Two hundred and ten.
At a small race circuit in Kildare, Ireland (around 45 minutes from Dublin’s city centre) 210 AE86s gathered last weekend. It’s a significant number, as it’s almost certainly the largest gathering of AE86s outside of Japan, and there are whispers that it might have even been a larger gathering than anything ever held previously in Japan, too.
The problem is, no one has ever formally recorded an official number, so it remains unofficial for the time being. For perspective’s sake, a cursory glance on the search engines of the world wide web reveals a Toyota UK press release from 2015 where 13 AE86s assembled at Japfest that year, while the US-based 86FEST gathered 32 examples in 2013, but has been dominated by the new ZN6 (FR-S, GT86, BRZ) ever since. Similarly, an ’86 gathering in Japan earlier this year at Fuji Speedway was also inundated with the more recent model.
We just need someone to borrow an official from the Guinness World Records office for 2020…
It’s a lot of fuss to make to for what was built as a humble, basic and affordable sports car back in 1983, but the legend of the Hachiroku is well documented both here on Speedhunters and across automotive media as a whole. Even the various AE86 sub-cultures have been explored in-depth, and it’s rare now to find an ’86 enthusiast who doesn’t have their flag nailed (metaphorically) to a particular model, be it Levin, Trueno, coupe or hatchback.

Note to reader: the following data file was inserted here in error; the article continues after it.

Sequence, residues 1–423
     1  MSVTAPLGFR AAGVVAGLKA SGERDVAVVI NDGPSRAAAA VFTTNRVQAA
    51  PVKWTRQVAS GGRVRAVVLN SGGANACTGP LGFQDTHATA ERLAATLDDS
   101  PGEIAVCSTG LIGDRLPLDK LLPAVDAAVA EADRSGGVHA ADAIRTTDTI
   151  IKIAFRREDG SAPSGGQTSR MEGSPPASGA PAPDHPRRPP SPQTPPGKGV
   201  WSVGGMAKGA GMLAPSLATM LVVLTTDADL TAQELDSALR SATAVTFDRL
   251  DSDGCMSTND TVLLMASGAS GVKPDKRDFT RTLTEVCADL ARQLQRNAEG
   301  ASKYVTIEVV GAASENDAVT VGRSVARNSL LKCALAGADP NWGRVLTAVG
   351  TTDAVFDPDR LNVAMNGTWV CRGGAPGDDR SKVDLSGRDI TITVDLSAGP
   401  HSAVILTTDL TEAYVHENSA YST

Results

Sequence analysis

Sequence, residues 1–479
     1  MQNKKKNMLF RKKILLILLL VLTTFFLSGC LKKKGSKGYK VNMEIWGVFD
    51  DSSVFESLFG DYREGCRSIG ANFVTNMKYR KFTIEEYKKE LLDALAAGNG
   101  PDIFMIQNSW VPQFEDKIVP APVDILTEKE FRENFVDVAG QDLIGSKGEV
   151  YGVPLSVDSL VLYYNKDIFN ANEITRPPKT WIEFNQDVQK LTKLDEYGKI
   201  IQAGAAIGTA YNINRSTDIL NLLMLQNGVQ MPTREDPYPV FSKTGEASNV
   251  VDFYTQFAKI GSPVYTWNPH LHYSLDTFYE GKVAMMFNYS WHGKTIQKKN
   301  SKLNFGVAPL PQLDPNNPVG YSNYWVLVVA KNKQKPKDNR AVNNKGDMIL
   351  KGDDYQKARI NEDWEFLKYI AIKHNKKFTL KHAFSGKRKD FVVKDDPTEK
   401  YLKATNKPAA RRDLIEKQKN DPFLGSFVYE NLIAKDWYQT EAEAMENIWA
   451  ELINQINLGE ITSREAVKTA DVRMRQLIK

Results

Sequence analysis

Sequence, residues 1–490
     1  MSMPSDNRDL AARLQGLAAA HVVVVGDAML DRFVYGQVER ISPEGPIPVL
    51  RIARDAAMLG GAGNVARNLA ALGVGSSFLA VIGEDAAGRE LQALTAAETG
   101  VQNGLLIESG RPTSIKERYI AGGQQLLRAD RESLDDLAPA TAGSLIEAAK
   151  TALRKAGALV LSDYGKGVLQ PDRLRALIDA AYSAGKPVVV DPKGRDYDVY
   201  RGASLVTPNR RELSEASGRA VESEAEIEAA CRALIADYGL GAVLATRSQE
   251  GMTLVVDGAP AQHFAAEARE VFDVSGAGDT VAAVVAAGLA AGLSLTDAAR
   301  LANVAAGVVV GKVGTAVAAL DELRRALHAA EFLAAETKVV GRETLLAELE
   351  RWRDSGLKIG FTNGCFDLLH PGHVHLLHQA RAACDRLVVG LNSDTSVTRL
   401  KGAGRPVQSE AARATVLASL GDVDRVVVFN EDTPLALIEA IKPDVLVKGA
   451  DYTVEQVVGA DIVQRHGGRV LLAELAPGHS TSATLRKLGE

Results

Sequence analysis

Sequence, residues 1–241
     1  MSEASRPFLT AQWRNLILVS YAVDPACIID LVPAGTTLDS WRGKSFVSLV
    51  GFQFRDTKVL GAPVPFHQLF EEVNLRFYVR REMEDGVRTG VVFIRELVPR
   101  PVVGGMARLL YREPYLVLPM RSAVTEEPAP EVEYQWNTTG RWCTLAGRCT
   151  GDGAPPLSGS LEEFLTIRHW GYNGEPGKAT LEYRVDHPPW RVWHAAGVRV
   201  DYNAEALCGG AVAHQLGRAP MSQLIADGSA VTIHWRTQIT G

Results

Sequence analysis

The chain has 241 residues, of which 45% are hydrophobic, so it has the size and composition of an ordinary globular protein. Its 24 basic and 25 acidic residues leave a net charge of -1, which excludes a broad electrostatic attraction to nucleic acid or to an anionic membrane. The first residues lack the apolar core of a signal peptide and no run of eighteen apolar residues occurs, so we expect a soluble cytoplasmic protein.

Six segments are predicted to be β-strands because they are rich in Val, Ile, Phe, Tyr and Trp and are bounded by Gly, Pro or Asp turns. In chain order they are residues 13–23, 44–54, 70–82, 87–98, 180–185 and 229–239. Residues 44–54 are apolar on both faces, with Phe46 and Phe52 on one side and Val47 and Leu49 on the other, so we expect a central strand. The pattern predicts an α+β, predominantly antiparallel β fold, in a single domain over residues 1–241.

Then there’s the cars which share a lot with the AE86 both in spirit and in DNA. That simple lightweight, front-engined and rear-wheel drive recipe that’s all but impossible to beat from a driver’s perspective.
For a group of cars which all share the same chassis code, it’s impressive how much variety there is amongst them all. Okay, the ‘UK-spec’ cars all follow a similar and near identical recipe (I wonder has any owner ever tried to get into someone else’s car by mistake?). While this style isn’t for me, the cars are nearly always incredibly well cared for and mint in their condition.
It’s the Japanese variants that continue to do it for me. Whether they’re styled street cars, professional-level drift cars or circuit hacks, they all have a certain amount of charm. I guess what makes them most appealing is that they’re nearly all driven as intended.
For the first time, the annual 86Fest was held on a Saturday as opposed to its normal weekday slot. While things were a bit slower to get going in the morning, by the early afternoon the entire paddock in Mondello Park was overrun with cars. Each break between the track sessions saw more and more cars join the party, too.
At 2:00pm, almost every AE86 in the place queued three abreast on the start/finish straight for the traditional parade lap. Some 190 cars slowly toured the track, with the procession stretching back further than the eye could see. By the time the first cars returned to the paddock through the back entrance near turn 2, the tail end of the convoy was still only rounding turns 7A and 7B.
While the weather did its usual Irish trick of giving several different seasons in a single day, it didn’t seem to have much impact on the day (save for people running for shelter randomly). There were ice creams between the rain showers, so it wasn’t all bad, I suppose.
It did have the effect of all photographs looking like they were taken in different months.
The AE86 is simply a car which you either get, or you don’t. If you’re in the latter camp, that’s fine, it won’t change the owners’ enjoyment. They’ll still carry on doing what they love, oblivious to what others outside their community think.
I’d like to say that I still wouldn’t buy one, but at this stage, I don’t think I can afford one even if I wanted to.